Studying chemistry can be tough. This science course has a little bit of everything: there are abstract concepts and complex details like in biology and equations and problem-solving like in physics or math.
The exact mix of these two things can vary depending on the particular course or teacher. Nevertheless, for every chemistry course, students must be able to understand conceptual ideas and solve problems.
How to Study Chemistry: Studying for Conceptual Understanding
First, let’s take a look at how to study chemistry with a focus on conceptual understanding.
1. Make connections to something observable in the physical world
For every concept you study, make sure you can explain its connection to something observable in the physical world. Chemistry is all about using the smallest pieces of matter to explain what we can see or do.
If you can connect ideas like types of bonding or thermochemistry to things you can see, you will be more likely to remember and understand the concepts.
2. Focus on drawing and visualizing the particles to explain how or why they behave
Being able to visualize in your head how particles might behave can be particularly helpful for explaining topics like gas laws, intermolecular forces, or molecular shapes.
3. Review any labs you have done in class
Focus on what you were trying to determine or demonstrate in the lab and how each step of the lab helped you to reach the goal. Many teachers use labs as important ways to apply and explain the concepts, so don’t ignore them after you have finished.
4. Connect new concepts back to old ones
Chemistry is cumulative, and you are likely to see particular ideas like solubility, molecular structures, and stoichiometry again and again. When studying, consider how a teacher might use previous material to connect to the new material.
How to Study Chemistry: Studying to Support Problem-Solving
Now, let’s examine how to study chemistry with a focus on problem-solving.
1. Do a bit of problem-solving practice every day
The problem-solving skills and ways of thinking build on each other over time, and the more frequently you do some chemistry work, the better it will stick in your brain.
For example, taking 2.5 hours and spreading it into 30 solid minutes of studying over five days will be more effective than cramming all your studying into one session right before a test.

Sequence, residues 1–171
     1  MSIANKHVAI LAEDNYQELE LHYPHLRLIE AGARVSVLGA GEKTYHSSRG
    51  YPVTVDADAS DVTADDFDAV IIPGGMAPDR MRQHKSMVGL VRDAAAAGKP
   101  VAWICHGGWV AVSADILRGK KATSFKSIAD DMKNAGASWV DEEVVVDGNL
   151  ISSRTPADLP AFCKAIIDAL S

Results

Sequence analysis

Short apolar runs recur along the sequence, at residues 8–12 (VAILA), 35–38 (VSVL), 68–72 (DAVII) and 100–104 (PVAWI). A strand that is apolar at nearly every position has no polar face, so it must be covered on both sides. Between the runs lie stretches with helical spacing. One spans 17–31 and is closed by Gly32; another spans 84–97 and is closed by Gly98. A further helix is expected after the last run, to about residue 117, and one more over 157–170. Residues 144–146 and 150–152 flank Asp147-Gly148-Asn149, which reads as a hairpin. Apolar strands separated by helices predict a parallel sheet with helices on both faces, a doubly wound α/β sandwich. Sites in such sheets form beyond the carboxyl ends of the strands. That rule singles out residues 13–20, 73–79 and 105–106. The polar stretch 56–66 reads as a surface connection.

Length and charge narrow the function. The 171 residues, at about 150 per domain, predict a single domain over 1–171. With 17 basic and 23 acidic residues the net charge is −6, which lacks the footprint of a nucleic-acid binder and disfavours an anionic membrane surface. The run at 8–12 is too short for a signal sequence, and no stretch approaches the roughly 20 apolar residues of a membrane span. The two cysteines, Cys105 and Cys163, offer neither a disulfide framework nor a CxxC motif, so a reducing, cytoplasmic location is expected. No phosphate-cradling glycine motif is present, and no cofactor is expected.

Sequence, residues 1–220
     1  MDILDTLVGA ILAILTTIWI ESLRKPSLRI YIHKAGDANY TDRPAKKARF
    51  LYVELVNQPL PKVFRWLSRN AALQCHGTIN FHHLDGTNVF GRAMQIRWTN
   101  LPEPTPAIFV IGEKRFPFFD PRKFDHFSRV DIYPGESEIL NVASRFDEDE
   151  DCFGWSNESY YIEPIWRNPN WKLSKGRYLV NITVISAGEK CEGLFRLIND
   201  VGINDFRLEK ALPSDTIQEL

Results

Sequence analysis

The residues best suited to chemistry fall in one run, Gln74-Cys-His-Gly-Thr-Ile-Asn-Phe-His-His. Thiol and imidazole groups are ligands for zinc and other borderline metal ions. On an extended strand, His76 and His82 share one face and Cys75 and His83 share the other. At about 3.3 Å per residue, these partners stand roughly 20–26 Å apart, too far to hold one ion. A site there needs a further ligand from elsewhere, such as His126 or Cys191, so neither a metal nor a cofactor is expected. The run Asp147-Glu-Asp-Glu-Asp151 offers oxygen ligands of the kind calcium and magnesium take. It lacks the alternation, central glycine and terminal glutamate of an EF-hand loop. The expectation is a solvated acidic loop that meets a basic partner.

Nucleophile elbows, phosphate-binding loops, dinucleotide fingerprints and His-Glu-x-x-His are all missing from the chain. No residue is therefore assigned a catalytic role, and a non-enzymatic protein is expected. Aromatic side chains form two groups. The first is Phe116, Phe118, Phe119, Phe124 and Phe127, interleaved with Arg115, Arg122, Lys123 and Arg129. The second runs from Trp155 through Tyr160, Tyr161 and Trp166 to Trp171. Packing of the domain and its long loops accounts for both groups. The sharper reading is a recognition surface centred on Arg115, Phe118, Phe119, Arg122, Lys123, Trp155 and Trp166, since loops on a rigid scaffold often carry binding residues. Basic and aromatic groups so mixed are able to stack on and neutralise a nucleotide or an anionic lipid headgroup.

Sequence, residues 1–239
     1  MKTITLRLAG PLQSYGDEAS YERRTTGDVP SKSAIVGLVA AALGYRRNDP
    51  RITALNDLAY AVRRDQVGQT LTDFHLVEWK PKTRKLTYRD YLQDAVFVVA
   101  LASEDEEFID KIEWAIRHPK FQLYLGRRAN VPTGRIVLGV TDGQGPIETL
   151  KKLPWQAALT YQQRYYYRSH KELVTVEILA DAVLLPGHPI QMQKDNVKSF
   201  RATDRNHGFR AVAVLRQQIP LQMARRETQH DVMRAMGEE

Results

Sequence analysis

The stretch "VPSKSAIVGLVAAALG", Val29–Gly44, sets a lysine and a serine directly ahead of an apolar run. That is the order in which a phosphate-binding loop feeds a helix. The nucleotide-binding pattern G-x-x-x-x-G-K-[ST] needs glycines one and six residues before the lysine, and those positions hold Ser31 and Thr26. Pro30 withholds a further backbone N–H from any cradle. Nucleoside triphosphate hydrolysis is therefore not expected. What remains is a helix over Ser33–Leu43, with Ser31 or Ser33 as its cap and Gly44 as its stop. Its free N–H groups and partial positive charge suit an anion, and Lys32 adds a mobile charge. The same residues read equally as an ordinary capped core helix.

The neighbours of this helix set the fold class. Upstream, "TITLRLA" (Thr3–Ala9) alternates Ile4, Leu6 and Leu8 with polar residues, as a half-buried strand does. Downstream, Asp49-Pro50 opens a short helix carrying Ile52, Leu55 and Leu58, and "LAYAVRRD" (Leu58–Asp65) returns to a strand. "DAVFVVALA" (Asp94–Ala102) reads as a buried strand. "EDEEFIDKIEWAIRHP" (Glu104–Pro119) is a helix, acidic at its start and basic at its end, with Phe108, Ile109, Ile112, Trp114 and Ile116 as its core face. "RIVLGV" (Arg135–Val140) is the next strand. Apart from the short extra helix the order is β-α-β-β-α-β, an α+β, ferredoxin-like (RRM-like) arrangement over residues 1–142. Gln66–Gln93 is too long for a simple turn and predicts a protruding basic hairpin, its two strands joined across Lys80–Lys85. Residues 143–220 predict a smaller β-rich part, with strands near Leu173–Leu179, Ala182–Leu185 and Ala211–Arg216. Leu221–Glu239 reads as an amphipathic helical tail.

2. Keep an equation list
As you learn math-heavy portions of chemistry (e.g., thermochemistry, wave and light properties), keep an equation list. This list should include every major equation you learn, what each symbol means, and when you would use that equation.
Even if a list is provided on tests, it is important to be able to organize and understand the tools available to you when problem-solving.
3. When you see a new problem, start by making a problem-solving plan
Identify what the problem is asking for, what information you’re starting with, and any relevant information provided to get from start to finish.
Almost every chemistry class teaches a dimensional analysis or factor labeling approach to doing math in chemistry. Use it! Plan out all of the steps of a problem first before you start punching numbers into your calculator.
4. When solving problems, write down and keep track of units
The dimensional analysis approach requires you to write down and keep track of units, but attending to units all the time will help ensure the answer you give is the one being asked for in the problem.
For example, many formulas in thermochemistry use energy in the unit of Joules, but often information is provided in Kilojoules. To solve problems correctly, you will need to keep track of these differences.
5. When you get to a final answer, always do a gut check.
Does this answer make sense physically or mathematically?
For example, if you’re saying that the mass of a sample of material is hundreds of thousands of kilograms, that might be too big. Or if your answer shows that a temperature is less than absolute zero (-273 ºC), you know that is impossible and there was an error somewhere.
7. Keep track of different types of problems and how to solve them
If you can recognize patterns in the kinds of problems you come across and the steps required to solve them, it will be easier for you to solve similar problems on tests.
For example, combustion analysis of molecules and titration analysis are common types of problems in AP Chemistry. These problems are always solved with roughly the same plan, so if you know that plan, it will make understanding the problems much easier.
Subject Tutoring for Chemistry
There is no denying that chemistry can be a tough subject—but it can also be really fun! If you can build your conceptual understanding and problem-solving skills, you will likely be able to address many of the hardest aspects of the course and be successful moving forward.